ASC 820 applies when accounting pronouncements require or permit fair value measurements, measurements based on fair value (such as fair value less costs to sell), and disclosures about fair value measurements, with limited exceptions, as specified in FSP 20.
Significant accounting standards that call for the use of fair value include those in Figure FV 2-1:
Figure FV 2-1
Significant items that call for the use of fair value in accordance with ASC 820, excluding industry-specific topics
Debt and equity investments (ASC 320)
Goodwill and intangibles (ASC 350)
Property, plant, and equipment (ASC 360)
Asset retirement and environmental obligations (ASC 410)
Exit and disposal costs (ASC 420)
Guarantees (ASC 460)
Troubled debt restructurings (ASC 470-60)
Distinguishing liabilities from equity (ASC 480)
Derecognition of Nonfinancial Assets (ASC 610-20)
Employee benefits (ASC 715 and ASC 960)
Stock compensation (ASC 718)
Business combinations (ASC 805)
Derivatives (ASC 815)
Hybrid financial instruments (ASC 815-15)
Financial instruments (ASC 825)
Financial assets/liabilities eligible for fair value option (ASC 825-10)
Nonmonetary transactions (ASC 845)
Leases (ASC 842)
Transfers and servicing (ASC 860)

2.2.1 Application of fair value within ASC 840, Leases

ASC 840, Leases, did not require the use of fair value in leases for classification or measurement. Under US GAAP, examples of the application of ASC 820 to lease transactions under ASC 840 are as follows:
When applying Step 2 of the impairment test under ASC 360, the fair value of a capital lease asset should be estimated in accordance with ASC 820. It should be noted that ASC 840 includes interpretative guidance under which a lessee would record an asset subject to lease as if it were the legal owner. This can happen when a lessee is deemed the accounting owner of an asset it intends to lease upon completion of construction (i.e., a build-to-suit lease). It can also occur when real estate is subject to a sale leaseback (either directly or imputed) and contains prohibited forms of continuing involvement. In such cases, the legal form of the transaction does not alter the accounting requirement to reflect the asset as property, plant, and equipment, nor affect its required evaluation in accordance with ASC 360.
In the case of an operating lease, the lessor continues to recognize the property under lease as a long-lived asset. Therefore, the lessor should apply the guidance in ASC 360 in assessing potential impairment. If application of Step 2 of the impairment assessment is required, ASC 820 should be applied in the determination of fair value.
Under US GAAP, fair value measurements used in accounting for exit or disposal activities in accordance with ASC 420 should be determined based on the principles of ASC 820, unless the practicability exception in ASC 420 applies. Reporting entities with leases that will be terminated are required to recognize and measure exit and disposal liabilities at fair value at the time that they are incurred. For example, when a lessee terminates an operating lease, it should record a liability for the fair value of the cost of terminating the contract following the guidance for liability measurement in ASC 820. Under US GAAP, accounting for a termination of a capital lease is governed by the lease accounting guidance in ASC 840.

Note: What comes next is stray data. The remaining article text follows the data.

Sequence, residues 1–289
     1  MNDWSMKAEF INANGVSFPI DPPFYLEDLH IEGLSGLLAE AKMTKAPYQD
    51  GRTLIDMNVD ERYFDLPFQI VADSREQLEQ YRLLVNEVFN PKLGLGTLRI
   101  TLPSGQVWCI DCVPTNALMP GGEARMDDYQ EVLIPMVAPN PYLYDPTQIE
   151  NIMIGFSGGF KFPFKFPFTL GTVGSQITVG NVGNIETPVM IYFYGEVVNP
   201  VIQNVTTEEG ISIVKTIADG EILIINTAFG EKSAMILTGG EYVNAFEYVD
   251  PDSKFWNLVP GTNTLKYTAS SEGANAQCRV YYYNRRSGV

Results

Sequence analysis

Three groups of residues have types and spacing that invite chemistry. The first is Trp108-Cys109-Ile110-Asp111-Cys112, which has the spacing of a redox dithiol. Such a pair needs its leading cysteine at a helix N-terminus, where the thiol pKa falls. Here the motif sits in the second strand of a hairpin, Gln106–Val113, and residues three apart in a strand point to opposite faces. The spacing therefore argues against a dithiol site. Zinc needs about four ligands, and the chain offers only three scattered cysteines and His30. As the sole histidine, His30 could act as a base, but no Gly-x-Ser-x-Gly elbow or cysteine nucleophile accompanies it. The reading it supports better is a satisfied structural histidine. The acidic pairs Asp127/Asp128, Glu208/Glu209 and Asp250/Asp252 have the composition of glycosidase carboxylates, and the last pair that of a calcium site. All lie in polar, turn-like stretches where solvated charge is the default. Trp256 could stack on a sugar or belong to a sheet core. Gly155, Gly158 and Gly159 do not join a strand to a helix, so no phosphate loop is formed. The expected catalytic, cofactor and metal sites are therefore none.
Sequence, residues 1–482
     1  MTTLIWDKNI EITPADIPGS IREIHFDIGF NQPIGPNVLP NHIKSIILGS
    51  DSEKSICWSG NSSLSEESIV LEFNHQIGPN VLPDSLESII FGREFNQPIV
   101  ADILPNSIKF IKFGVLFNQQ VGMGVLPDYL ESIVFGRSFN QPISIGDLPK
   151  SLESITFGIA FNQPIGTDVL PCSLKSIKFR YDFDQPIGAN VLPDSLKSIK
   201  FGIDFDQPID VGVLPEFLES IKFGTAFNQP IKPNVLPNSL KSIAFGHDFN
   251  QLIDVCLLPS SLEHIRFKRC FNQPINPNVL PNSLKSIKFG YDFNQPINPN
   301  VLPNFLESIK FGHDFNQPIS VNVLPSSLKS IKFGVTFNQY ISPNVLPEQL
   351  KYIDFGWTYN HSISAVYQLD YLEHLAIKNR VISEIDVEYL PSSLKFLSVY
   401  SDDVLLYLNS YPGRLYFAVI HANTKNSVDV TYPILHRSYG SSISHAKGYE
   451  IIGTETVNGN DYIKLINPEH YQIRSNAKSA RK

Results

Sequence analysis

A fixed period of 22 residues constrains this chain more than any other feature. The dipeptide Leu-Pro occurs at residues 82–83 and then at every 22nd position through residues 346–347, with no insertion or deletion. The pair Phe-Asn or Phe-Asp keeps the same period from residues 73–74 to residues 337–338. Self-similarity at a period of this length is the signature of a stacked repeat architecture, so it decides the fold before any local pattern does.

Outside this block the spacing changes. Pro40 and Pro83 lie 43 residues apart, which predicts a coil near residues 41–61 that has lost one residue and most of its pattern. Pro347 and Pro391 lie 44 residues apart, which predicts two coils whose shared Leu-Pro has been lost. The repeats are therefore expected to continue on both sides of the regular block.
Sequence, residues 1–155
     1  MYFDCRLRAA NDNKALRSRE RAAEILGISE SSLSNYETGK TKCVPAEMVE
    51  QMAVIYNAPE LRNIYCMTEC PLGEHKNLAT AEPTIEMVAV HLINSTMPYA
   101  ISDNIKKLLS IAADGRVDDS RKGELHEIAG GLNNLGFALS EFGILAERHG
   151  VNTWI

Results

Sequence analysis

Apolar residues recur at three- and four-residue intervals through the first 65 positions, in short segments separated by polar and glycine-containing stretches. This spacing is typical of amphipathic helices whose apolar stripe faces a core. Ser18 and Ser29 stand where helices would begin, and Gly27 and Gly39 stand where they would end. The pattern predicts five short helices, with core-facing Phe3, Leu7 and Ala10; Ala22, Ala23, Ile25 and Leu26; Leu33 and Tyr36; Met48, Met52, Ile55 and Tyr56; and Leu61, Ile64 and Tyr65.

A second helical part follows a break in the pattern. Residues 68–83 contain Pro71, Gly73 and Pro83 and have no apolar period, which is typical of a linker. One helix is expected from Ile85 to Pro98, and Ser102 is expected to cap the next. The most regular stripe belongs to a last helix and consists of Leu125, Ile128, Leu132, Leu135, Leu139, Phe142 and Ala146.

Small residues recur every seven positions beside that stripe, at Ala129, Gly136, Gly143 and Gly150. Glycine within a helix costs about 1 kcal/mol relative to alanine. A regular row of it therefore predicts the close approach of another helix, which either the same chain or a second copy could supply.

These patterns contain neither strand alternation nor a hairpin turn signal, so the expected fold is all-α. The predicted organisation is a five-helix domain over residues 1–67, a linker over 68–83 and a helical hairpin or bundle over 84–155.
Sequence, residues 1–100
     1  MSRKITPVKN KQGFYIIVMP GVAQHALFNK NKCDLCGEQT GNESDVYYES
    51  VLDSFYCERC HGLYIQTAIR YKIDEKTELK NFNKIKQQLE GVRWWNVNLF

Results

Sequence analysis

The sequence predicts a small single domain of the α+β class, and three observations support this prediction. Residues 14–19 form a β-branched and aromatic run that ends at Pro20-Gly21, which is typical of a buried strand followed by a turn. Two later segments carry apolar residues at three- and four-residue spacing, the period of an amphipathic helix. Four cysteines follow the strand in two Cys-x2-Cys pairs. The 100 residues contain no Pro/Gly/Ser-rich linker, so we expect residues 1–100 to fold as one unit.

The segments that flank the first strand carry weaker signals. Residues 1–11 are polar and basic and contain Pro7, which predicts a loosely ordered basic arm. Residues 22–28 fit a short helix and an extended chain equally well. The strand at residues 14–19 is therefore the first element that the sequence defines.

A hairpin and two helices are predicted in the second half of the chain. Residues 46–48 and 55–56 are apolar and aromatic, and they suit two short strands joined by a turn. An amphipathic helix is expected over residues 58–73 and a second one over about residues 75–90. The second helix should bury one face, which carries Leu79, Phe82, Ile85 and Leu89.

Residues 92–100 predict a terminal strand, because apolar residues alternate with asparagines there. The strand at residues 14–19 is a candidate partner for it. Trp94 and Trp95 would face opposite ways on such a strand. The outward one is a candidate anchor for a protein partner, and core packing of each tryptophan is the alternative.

A reporting entity may have an exit or restructuring plan that involves ceasing use of assets under an operating lease and perhaps entering into a subleasing arrangement. Under US GAAP (ASC 420-10-30-7 through ASC 420-10-30-9), a liability should be measured at fair value when the entity ceases using the rights conveyed by the lease (the “cease-use” date). Determination of the liability’s fair value should be based on the remaining lease rentals, reduced by any actual or estimated sublease rentals that could be reasonably obtained, regardless of whether the reporting entity actually intends to enter into a sublease. ASC 420-10-35-1 indicates that the cash flows related to the lease would be discounted using a credit-adjusted, risk-free rate. The liability is measured in accordance with ASC 820, and as such, should incorporate the inputs and assumptions that would be used by market participants.
1 ASU 2016-01, Recognition and Measurement of Financial Assets and Financial Liabilities, amends ASC 320 such that it now addresses only debt securities and ASC 321 addresses equity securities. See PwC’s Loans and investments guide for information on the effective date of ASU 2016-01.
2 Upon adoption of ASC 610-20, Gains and Losses on Derecognition of Nonfinancial Assets, more transactions, such as joint venture contributions, nonmonetary exchanges, and sales of assets not to customers will be measured at fair value. ASC 610-20 is effective concurrent with ASC 606, Revenue from Contracts with Customers.
3 ASC 840, Leases, did not require the use of fair value in leases for classification or measurement. ASC 842, Leases, superseded that scope exception. Therefore, there are instances in ASC 842 that call for fair value measurements. See PwC’s Leases guide for information on ASC 842.
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